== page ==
By Damon Krane, Breanne Scanlon, Caleb Kay, Andrew Bishop and Rumzi Araj (and endorsed by 85 other concerned students, faculty and Athens community members)
January 31, 2002
The Athens News (Athens, Ohio)
February 1, 2002
The Post (Athens, Ohio)
Attention women: Walk in pairs. Avoid dimly lit walkways. Don’t show too much skin. Curb your alcohol intake. Or, in the words of an Ohio University sexual assault prevention pamphlet, “Use common sense.” This is the message that OU is sending to women with its policies and response to recent hate crimes and sexual assaults on campus.
People should be aware of ways to keep themselves safe, but that is not enough. While men also can be victims of sexual assault and hate crimes, the vast majority of assaults are committed by men against women. For example, all six reported hate crimes committed last year involving OU students were perpetrated by men. Already this quarter at least four men have assaulted women in three reported incidents – two sexual assaults and one attack against a female member of the LGBT community.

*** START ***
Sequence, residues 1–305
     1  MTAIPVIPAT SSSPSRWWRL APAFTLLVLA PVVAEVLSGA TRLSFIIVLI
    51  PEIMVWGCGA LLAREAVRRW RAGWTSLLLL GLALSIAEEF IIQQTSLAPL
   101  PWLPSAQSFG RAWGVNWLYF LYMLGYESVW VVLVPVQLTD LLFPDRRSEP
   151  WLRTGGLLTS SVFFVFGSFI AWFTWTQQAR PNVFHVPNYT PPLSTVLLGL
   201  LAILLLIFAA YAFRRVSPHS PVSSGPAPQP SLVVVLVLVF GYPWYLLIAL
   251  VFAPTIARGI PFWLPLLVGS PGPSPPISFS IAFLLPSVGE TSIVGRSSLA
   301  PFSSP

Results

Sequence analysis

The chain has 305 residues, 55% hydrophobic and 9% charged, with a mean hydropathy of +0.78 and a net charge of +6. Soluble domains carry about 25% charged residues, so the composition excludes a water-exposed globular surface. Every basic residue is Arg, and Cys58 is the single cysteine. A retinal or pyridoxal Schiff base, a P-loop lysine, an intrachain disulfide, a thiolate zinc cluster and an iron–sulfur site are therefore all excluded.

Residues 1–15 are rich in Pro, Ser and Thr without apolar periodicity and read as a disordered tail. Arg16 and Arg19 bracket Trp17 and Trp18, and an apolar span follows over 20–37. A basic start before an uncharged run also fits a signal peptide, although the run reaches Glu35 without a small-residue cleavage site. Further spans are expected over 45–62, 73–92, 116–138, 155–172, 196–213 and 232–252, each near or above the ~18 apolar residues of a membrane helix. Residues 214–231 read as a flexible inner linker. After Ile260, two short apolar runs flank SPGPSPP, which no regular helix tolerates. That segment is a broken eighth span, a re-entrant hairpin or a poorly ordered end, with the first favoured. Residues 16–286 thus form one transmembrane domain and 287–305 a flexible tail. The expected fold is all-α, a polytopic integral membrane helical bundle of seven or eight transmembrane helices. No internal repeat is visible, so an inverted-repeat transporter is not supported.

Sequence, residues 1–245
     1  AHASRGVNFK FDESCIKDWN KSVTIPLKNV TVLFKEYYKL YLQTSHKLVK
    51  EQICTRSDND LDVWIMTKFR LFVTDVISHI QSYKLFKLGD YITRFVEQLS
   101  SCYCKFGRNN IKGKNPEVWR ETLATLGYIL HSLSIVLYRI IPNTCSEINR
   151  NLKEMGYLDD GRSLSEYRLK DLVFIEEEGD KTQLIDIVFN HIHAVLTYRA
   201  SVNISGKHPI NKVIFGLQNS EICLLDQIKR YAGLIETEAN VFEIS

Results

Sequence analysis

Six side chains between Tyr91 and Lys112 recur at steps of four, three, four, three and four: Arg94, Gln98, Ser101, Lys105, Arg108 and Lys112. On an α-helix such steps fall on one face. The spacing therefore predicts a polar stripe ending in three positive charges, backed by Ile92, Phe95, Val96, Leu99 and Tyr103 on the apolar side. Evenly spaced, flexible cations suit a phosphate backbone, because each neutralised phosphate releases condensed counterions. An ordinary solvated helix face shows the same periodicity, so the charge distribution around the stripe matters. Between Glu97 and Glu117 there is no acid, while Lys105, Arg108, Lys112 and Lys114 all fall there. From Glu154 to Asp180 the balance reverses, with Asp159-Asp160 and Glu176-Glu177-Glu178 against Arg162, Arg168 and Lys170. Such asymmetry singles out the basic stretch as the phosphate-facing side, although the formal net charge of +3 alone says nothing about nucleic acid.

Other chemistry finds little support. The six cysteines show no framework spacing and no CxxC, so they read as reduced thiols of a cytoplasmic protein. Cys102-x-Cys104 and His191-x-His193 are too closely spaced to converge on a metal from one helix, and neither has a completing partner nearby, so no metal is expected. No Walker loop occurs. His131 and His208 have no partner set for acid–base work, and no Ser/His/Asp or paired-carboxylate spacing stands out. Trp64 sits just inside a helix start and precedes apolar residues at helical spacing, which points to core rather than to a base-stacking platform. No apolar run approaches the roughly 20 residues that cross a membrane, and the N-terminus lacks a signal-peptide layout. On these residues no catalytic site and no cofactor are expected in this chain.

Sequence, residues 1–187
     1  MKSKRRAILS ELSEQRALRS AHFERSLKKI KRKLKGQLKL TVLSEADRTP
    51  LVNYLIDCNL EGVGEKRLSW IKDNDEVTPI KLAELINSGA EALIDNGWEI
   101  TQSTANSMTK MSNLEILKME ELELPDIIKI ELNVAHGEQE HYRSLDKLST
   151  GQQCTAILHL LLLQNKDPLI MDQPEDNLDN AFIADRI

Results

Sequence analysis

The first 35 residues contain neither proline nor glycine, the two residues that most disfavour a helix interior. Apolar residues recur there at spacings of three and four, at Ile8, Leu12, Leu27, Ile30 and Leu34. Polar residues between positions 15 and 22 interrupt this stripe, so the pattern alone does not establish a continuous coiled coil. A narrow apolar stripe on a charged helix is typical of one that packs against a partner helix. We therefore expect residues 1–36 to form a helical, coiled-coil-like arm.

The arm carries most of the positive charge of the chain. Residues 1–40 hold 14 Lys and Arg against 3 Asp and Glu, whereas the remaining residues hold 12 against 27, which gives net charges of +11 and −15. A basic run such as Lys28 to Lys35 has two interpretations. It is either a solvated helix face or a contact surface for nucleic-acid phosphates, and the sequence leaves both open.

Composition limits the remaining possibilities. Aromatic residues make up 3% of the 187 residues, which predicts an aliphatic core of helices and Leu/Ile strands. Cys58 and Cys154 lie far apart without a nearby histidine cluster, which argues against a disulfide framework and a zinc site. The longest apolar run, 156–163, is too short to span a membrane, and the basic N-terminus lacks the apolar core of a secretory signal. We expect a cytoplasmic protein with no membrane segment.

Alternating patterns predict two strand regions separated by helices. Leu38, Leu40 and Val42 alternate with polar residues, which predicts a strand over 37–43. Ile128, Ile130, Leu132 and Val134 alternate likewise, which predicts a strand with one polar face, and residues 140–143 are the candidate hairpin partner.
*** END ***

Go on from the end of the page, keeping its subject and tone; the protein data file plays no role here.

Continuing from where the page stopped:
If OU responds to the recent attacks only by advising female students to change their behavior, the message sent is men’s behavior is unchangeable – “Boys will be boys.” This places the responsibility for assault prevention exclusively on the predominant victims rather then the predominant perpetrators. Furthermore, it deals with men as though they can only be the perpetrators and not preventers of sexual assault. When men are not addressed as part of a potential solution, the only role left for them to play is that of the problem.
Students’ attempts to address the role of men have been resisted by the university administration. After Take Back the Night marchers were threatened with rape by male residents of MacKinnon Hall last year, students distributed flyers in that dorm underscoring the seriousness of sexual violence. Because the flyers were not pre-approved by Residence Life, these students were detained by RAs and threatened with arrest, while the men who shouted the threats received no punishment. Meanwhile, after four assaults against LGBT students were reported last year, concerned students arranged a meeting with OU President Robert Glidden and other administrators to propose a better bias-based crime reporting system. Glidden responded that since the assaults all happened off campus, the university was not responsible for addressing them.